KOS, Greece (Reuters) - British police began excavations in a field on a Greek island on Monday, saying they had new leads in the disappearance of a British toddler there 25 years ago.
The team began sifting through mounds of earth using a giant sieve. Excavations are expected to continue for days and possibly weeks, with British and Greek forensic archaeologists involved.
South Yorkshire Police, leading the investigation, said they would focus their attention on two sites on the island of Kos close to where Ben Needham was last seen on July 24, 1991.
Detective Inspector Jon Cousins said new information on the case surfaced in May, following a public appeal to Kos residents.
“I have made a decision that there is a very valid and good reason for us to be doing the activity that we are doing here today,” Cousins said on the site, an olive grove sealed off by blue-and-white police tape.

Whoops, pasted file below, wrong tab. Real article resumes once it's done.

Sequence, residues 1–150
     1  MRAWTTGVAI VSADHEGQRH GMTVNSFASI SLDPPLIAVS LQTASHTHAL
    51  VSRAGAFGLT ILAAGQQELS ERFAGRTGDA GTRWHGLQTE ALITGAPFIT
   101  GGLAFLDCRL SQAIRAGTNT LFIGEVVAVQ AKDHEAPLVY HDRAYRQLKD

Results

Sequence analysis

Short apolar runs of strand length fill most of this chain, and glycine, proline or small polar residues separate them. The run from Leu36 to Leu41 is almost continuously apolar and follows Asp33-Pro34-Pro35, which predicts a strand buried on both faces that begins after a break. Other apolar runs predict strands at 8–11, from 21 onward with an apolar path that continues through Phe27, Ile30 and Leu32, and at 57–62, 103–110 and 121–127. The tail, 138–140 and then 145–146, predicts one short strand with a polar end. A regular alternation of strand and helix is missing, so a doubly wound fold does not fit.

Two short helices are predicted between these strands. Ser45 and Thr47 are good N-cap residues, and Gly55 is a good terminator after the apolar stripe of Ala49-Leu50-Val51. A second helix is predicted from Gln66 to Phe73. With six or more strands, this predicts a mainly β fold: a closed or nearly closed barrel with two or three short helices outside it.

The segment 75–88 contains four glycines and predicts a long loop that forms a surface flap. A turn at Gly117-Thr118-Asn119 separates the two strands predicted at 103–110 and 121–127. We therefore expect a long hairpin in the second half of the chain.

“I would not be doing that if I was not optimistic that we are going to find something of significance that hopefully will provide an answer for Ben’s family.”
He would not comment on British newspaper reports that the child may have been accidentally crushed by a builder’s digger.
Asked whether he believed Ben was dead, Cousins replied: “There are many other lines of inquiry in relation to this that are still ongoing.
“I am keeping an open mind, but based on what I know at the moment, based on the assessment of all the information we have, I have made a decision that it is necessary to do the work that we are going to be doing over the next week or so.”
Ben was 21 months old when he disappeared while playing outside a farmhouse his family was renovating as a holiday home. A previous dig in the area in 2012 was fruitless.
Writing by Michele Kambas and Karolina Tagaris; editing by Andrew Roche
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